Change #4: Build A Family That Lasts

There is one other significant problem with the parent-centered family. It is not built to last. Each family member is attached to the parents for their psychological survival. Siblings are viewed as competitors for the love and support that the parents have to offer. The roles that they play have a downside. The attachment to the parents comes at a cost to the sibling connection. Quite often in the parent-centered family, the family splits apart when the parents die, and the siblings go their own ways.

This weak connection gets challenged when the parents die and the estate is settled. The weak sibling bonds cannot withstand the fight for power, significance and money that occurs when estates are settled.

A people-centered family is built to last. Relations among the siblings is developed through negotiating differences among themselves and with their parents. They are used to sharing and solving problems. Coping with any problems created by wills and inheritances becomes just another problem to be solved like any other.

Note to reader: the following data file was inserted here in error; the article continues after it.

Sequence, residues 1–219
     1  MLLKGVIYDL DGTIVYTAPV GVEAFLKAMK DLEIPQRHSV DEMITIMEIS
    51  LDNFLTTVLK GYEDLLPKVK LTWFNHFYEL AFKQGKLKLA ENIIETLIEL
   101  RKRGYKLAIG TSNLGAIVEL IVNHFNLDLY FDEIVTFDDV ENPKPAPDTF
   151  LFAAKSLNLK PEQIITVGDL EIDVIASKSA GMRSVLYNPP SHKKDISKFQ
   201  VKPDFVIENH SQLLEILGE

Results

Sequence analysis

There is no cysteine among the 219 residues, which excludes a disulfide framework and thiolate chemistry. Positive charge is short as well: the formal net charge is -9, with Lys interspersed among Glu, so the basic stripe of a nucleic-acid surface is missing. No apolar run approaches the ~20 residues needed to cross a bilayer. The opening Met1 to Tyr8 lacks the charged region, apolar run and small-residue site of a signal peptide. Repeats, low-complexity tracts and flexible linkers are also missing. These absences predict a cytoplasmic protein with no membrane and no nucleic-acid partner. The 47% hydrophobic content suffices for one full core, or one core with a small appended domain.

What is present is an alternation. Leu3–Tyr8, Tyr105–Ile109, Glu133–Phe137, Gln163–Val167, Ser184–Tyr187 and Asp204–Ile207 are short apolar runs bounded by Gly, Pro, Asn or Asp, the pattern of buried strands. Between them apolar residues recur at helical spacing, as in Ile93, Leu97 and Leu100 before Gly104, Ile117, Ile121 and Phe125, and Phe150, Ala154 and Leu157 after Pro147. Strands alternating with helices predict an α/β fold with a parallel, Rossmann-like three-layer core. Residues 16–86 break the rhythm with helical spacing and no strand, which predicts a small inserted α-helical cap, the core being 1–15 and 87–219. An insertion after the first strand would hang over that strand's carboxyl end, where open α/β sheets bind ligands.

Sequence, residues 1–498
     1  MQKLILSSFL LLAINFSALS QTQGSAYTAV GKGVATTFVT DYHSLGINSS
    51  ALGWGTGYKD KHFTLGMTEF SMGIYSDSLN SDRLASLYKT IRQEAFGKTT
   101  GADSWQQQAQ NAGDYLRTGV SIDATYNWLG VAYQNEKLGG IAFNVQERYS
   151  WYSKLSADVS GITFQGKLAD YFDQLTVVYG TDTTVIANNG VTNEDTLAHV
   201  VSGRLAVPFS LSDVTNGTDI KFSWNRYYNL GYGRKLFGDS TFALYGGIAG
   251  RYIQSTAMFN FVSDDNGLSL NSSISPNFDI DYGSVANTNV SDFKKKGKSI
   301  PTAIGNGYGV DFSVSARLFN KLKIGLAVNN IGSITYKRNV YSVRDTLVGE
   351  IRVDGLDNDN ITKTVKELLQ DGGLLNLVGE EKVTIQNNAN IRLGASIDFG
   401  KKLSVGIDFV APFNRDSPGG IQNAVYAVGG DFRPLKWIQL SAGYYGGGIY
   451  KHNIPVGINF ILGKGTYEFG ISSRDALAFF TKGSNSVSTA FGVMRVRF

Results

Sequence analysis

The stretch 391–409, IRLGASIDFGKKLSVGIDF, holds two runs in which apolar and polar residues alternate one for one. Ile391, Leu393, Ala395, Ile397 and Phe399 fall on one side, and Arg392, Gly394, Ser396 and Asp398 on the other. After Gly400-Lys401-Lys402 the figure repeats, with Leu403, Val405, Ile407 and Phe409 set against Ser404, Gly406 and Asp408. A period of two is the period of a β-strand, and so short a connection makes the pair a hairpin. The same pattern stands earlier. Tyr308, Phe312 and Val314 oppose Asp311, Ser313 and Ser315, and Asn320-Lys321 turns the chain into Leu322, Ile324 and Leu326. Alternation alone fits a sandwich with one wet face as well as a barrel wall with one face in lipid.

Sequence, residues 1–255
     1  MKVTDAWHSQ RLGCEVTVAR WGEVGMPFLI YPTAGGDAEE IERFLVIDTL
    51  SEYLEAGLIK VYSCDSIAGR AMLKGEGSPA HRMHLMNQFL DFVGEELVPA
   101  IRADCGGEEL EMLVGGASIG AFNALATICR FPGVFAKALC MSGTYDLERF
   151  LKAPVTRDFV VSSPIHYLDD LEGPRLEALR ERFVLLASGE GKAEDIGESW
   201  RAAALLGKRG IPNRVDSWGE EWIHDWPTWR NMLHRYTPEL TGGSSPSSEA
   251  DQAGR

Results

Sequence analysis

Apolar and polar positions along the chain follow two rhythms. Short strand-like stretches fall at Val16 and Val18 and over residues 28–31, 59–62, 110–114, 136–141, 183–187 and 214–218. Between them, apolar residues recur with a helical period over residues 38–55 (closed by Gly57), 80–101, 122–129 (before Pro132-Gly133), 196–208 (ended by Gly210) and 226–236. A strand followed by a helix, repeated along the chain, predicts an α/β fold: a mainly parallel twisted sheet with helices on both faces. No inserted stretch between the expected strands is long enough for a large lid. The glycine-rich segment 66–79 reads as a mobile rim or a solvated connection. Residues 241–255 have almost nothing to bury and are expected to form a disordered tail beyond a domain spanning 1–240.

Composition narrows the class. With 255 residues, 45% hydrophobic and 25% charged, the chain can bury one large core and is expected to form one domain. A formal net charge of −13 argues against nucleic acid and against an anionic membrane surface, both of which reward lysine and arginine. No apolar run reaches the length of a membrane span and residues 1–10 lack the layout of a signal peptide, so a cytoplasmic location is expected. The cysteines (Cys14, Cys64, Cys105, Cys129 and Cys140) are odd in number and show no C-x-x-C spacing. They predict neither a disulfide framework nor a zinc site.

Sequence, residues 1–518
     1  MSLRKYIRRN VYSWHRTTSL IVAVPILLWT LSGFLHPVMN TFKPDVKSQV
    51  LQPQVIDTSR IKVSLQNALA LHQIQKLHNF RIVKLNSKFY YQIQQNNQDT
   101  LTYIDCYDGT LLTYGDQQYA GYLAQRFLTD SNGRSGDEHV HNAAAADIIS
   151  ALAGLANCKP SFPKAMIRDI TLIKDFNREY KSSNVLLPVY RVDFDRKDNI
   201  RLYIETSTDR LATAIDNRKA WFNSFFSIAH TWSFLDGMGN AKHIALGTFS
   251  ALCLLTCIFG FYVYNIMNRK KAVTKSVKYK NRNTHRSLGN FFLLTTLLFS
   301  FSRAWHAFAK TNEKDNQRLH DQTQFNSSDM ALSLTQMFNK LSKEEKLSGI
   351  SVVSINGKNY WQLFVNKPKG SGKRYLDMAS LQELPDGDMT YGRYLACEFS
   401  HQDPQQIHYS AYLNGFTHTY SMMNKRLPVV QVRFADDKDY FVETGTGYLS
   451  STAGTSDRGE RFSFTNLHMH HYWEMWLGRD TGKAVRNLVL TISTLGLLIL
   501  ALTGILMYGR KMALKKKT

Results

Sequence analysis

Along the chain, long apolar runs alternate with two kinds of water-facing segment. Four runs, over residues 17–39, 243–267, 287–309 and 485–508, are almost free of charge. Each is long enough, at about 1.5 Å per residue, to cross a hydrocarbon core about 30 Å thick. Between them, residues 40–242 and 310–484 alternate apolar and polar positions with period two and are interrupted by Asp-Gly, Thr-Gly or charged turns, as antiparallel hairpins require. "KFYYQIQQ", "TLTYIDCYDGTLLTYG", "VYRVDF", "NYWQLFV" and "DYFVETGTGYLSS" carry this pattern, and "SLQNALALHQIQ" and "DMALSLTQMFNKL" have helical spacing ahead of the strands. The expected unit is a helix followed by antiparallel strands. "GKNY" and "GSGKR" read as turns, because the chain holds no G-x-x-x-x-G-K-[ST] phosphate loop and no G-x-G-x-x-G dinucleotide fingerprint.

When a family leads with people-centered values, real change is possible. In addition to better meeting the needs of the millennial children, a people-centered family can have a profound impact on the moral fiber of a nation. America is a nation that prides itself on its values of freedom and equality.

Independence must be experienced and nurtured within the American family to have the children experience first-hand the value and cost of freedom. Independence must be homegrown and nurtured at every step in the growth of the child. If the transition from parent-centered to the people-centered family occurs in every family in America, our marriages will be healthier, our children will be stronger, and the commitment to American core values will be visible to the world.

Stephen van Schoyck is a clinical psychologist who has been in private practice in Bucks County since 1984. For more information on emotions and health, go to Dr. Van Schoyck’s website to read the sample chapters of his new book, Looking for Your Self In All The Wrong Places: How To Recognize Your Authentic Self To Live On Your Terms.